16 July 2014

TL and CPLP should not welcome a corrupt dictator

Portuguese-speaking leaders are gathering in Dili for the Tenth Summit of the Heads of State and Government of the Community of Portuguese-speaking Countries (CPLP). One of the most important and controversial items on their agenda is the acceptance of Equatorial Guinea as a full member of CPLP.

Dili residents are talking a lot about the preparations for the VIP visitors -- widespread emergency construction and high spending -- but La'o Hamutuk thinks we should also pay attention to what will happen at the Summit itself. Yesterday, La'o Hamutuk and many other Timorese concerned about human rights sent an open letter (Tetum original or Portuguese translation) to President Taur Matan Ruak and other RDTL leaders, reminding them that "many people do not agree that Equatorial Guinea, a non-Portuguese-speaking nation, should join CPLP" and asking the Summit "not to approve this accession or at least to make it conditional on significant improvement in human rights and reducing corruption."

1995: protesting Suharto's visit to New York City.
During the Suharto dictatorship's brutal, corrupt occupation of Timor-Leste, friends around the world protested when Suharto visited their countries. Together with the leaders of many Portuguese-speaking countries, they campaigned to isolate his regime from international legitimacy. We believe that the people of Equatorial Guinea deserve the same support, as they struggle under the regime which has ruled them for 35 years.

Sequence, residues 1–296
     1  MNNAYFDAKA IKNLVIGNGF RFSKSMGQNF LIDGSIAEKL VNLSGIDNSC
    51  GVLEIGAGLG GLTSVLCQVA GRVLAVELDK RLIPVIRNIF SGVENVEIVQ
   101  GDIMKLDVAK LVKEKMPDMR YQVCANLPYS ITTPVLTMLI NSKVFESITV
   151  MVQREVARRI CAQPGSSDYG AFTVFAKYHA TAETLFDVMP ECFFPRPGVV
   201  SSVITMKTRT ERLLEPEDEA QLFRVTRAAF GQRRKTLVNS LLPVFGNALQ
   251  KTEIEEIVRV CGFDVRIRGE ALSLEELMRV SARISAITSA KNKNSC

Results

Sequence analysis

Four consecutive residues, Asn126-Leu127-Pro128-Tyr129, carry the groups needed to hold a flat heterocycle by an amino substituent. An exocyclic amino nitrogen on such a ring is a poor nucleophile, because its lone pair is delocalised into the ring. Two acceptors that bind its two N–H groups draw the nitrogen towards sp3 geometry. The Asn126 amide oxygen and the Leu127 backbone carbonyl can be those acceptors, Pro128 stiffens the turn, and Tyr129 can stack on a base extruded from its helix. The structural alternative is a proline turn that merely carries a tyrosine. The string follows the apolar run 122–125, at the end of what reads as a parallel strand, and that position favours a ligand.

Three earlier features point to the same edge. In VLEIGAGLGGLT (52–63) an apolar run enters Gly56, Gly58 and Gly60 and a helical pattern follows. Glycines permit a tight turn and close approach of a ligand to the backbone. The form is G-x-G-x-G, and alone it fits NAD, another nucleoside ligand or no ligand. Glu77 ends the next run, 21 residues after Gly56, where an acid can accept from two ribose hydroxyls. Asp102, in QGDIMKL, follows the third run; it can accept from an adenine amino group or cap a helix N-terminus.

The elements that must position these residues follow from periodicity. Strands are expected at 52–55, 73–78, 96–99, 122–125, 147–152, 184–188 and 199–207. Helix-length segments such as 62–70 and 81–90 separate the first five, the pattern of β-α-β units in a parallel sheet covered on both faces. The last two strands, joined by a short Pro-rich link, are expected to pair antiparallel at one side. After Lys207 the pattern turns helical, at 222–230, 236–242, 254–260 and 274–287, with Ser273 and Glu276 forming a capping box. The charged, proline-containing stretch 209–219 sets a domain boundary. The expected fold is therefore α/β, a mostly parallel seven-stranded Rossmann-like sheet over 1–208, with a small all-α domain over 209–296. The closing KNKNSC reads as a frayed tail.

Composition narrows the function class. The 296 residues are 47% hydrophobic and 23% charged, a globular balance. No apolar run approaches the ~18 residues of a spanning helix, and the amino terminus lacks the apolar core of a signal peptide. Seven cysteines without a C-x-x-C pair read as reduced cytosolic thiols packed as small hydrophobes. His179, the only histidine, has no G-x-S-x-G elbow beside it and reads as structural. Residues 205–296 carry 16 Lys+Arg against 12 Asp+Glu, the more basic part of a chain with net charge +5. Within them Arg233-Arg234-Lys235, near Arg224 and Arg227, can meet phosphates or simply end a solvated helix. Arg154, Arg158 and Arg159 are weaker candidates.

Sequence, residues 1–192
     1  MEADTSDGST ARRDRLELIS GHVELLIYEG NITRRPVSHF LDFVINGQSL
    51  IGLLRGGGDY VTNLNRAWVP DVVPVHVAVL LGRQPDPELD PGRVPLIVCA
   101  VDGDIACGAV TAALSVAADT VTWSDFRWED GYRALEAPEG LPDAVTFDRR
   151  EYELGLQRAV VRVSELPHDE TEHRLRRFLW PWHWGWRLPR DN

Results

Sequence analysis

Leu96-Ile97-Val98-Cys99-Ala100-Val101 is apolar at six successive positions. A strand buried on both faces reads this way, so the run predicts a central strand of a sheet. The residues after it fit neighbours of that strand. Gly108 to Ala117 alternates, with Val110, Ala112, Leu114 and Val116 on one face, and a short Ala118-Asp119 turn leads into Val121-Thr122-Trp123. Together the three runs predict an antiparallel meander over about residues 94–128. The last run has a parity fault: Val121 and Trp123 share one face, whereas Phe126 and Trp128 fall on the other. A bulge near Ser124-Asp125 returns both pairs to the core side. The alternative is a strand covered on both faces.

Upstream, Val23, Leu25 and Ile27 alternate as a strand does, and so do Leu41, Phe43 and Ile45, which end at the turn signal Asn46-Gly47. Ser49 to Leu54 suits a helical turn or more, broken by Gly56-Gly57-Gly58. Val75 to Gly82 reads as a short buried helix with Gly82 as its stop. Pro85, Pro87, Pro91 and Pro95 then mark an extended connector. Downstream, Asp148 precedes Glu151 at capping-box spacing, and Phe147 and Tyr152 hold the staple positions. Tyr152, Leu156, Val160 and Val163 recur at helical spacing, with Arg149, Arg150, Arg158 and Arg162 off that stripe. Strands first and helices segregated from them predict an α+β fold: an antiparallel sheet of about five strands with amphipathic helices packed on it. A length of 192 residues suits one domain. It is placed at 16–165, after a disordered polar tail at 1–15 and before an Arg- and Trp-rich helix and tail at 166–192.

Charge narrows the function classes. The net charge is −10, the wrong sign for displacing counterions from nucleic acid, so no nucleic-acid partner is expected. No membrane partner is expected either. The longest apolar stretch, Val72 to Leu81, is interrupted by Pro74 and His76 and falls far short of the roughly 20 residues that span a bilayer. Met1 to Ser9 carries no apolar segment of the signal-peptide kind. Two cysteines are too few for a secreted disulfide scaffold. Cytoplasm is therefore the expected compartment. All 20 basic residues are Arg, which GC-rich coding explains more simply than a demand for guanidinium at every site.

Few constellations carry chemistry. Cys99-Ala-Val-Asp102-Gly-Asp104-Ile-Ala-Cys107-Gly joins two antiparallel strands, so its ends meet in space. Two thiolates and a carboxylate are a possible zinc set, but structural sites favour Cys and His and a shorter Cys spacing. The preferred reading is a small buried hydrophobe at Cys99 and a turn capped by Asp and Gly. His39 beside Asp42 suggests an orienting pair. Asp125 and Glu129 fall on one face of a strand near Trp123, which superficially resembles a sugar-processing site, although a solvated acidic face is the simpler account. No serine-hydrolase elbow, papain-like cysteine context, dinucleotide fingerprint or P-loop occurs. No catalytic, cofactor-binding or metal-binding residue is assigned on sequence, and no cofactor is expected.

La'o Hamutuk has posted a page on our website with our letter and reference materials. The following are the main reasons we think Timor-Leste and CPLP should not welcome this dictator to our country and community:
  • No democracy and many human rights violations, including killings
  • Little freedom of the press or tolerance of people expressing their views
  • Widespread poverty in one of Africa's most oil-rich countries
  • No transparency about government finances
  • One of the most corrupt regimes in the world.
Equatorial Guinea has fewer people, more oil, and deeper poverty than Timor-Leste, and is seen as the textbook case of the 'resource curse.' However, Dictator Teodoro Obiang is bringing 80 people here with him to the CPLP Summit. We have been told that his plane is too large to land in Dili, so they are chartering two planes from Singapore.

Timor-Leste's Constitution says that RDTL will extend solidarity to people around the world who struggle for national liberation, but the CPLP Statutes say that members cannot "interfere" in the internal affairs of other members. If Timor-Leste and CPLP accept Equatorial Guinea as a member, we abandon our commitment to the human rights of the people who live there.

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